Diners find there’s more to game dishes than meats the eye
For many foreign tourists, and quite a few locals too, eating game is a major part of the authentic South African experience.
Situated on Cape Town’s Waterfront, the City Grill steakhouse has since 1999 offered crocodile, warthog, springbok, ostrich, kudu and venison as its signature dishes, at exotic prices to match.
But Consumer Watch was tipped off that the restaurant was substituting some of those meats.
We commissioned an expert in DNA-based species identification from the University of Stellenbosch to test some of the restaurant’s more exotic offerings, to find out exactly what was being served up.
She visited the restaurant in a party of four in September.
Between them they ordered one starter – smoked springbok carpaccio – and six main meals: ostrich fillet steak (R195); warthog (R169); crocodile (R179); kudu (R175); springbok (R175) and the giant grilled mixed venison skewer, comprising crocodile, ostrich, warthog, kudu and venison sausage (R295).
They took small pieces of each meat, labelled them and later DNA-tested them in a lab.
Tests revealed that while the ostrich and crocodile dishes were in fact ostrich and crocodile, the following six substitutions had taken place:
l The smoked springbok carpaccio was identified as common ostrich;
l The kudu was black wildebeest;
l The springbok was identified as fallow deer;
l The warthog (from the grilled mixed venison skewer) was pig; and
l The warthog was a pig;
l The kudu (from the grilled mixed venison skewer) was identified as black wildebeest.
Asked to respond regarding the serious ethical and financial implications of passing off one meat species as another, City Grill general manager Barry Nieuwoudt said while the restaurant management was “aware of rumours surrounding meat substitution in the industry”, they were unaware some of their dishes “may have been affected”.
“Your findings have certainly shaken us up and we intend to be proactive in preventing something like this happening again,” he said.
“We have taken all affected dishes off our menu.
“Only once we are completely satisfied that the meat we have been supplied with is what is described on our menu will we reintroduce these dishes.
“As your tests show, the only way to really know the difference in packaged game meat is to conduct DNA testing.”
Nieuwoudt said the restaurant intended to adopt more stringent means to ensure they got what they ordered.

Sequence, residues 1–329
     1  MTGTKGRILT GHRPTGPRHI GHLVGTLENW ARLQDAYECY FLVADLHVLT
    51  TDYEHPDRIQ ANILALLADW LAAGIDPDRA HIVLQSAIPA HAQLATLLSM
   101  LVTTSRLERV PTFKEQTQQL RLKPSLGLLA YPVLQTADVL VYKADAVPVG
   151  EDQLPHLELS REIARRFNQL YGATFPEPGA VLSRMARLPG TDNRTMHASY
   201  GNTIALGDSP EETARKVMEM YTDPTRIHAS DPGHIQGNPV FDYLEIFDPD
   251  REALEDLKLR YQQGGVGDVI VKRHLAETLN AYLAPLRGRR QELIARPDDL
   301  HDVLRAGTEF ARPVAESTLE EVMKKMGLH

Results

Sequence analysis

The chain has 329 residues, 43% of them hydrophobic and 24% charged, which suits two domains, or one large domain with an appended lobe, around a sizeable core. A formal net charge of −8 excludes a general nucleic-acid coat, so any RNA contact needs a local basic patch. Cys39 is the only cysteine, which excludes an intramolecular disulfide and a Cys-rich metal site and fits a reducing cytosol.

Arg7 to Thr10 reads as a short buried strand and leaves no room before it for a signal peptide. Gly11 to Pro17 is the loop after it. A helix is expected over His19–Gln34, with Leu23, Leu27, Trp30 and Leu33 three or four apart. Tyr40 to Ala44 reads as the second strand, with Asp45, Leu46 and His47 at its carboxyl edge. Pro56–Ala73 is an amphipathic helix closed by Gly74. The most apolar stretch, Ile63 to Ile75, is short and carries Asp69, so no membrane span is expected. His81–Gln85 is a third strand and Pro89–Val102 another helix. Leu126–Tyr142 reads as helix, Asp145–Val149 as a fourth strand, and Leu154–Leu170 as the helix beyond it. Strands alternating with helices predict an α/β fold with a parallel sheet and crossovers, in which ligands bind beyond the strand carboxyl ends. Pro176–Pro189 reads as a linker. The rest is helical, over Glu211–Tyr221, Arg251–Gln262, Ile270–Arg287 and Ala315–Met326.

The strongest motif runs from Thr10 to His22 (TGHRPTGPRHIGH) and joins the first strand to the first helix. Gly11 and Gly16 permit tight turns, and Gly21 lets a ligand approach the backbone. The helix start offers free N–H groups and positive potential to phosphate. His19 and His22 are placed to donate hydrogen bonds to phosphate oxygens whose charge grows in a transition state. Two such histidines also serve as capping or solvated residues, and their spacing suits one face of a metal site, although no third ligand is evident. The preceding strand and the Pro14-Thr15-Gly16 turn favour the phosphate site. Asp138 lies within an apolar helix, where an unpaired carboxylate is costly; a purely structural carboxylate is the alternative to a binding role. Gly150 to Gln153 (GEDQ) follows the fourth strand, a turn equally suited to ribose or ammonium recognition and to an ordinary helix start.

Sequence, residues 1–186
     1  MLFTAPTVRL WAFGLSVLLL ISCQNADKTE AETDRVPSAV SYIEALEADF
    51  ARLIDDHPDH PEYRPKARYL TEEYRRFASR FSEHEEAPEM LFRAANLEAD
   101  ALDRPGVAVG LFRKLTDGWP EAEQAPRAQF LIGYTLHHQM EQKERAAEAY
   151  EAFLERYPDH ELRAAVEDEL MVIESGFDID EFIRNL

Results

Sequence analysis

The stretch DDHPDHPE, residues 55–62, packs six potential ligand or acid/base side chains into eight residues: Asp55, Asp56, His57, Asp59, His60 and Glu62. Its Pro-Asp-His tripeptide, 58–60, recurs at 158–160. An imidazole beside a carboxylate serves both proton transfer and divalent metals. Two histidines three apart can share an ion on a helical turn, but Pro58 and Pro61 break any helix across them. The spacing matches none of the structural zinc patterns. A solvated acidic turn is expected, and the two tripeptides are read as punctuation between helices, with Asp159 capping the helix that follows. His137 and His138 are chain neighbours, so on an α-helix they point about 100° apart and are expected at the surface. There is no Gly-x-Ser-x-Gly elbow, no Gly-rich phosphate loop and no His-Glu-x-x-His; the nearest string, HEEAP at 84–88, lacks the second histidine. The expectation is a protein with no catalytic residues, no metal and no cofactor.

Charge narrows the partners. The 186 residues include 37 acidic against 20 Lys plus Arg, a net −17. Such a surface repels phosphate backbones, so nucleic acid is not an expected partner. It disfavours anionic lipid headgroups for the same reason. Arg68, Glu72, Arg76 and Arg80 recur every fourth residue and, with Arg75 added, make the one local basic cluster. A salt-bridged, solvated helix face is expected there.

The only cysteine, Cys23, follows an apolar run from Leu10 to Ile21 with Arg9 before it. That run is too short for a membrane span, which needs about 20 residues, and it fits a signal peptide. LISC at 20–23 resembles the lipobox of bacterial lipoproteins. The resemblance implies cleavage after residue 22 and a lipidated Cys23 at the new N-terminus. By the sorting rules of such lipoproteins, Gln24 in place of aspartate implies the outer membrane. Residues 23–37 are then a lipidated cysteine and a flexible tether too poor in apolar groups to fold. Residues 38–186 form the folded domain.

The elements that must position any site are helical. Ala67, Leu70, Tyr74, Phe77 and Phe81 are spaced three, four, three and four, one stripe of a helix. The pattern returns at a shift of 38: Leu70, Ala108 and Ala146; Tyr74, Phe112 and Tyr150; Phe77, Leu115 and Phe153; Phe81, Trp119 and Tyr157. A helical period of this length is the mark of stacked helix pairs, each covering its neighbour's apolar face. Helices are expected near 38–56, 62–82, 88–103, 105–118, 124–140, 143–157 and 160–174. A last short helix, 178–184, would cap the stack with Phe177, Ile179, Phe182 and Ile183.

“To this end we intend consulting experts in the field to assess and determine the best way of doing this. In the interim, our intention is to conduct similar tests to what you carried out on an ad hoc basis on game meat supplied to us and to inform suppliers that that is what we intend to do.”
l As an additional test, the same party of scientists visited the Hussar Grill in Willowbridge.
There they ordered two starters and two main courses and took samples from the meat served in all four dishes.
In short, while the beef biltong was found to be beef, and the bushman’s kebab comprised kudu, eland and gemsbok as claimed on the menu, there were two substitutions.
The cured springbok loin carpaccio starter was, in fact, kudu, as was the “game steak” main course, which was said by the waiter to be gemsbok.
Hussar Grill Willowbridge owner Russell Minter-Brown said the game steak was indeed kudu, and the discrepancy was as a result of a “communication error” on the part of the waiter or the kitchen staff.
As for the “springbok” carpaccio, he said, it was sold to him by his supplier as springbok, not kudu, and he provided Consumer Watch with the invoices relating to that batch and others around that time, as proof of this.
He also produced a photograph of the vacuum-packed product, marked “springbok carpaccio”.
“I obviously made immediate contact with the specific supplier, who is a Cape Town-based agent for game farms in the Eastern Cape, and have asked them to provide us with a full and detailed explanation in writing.”
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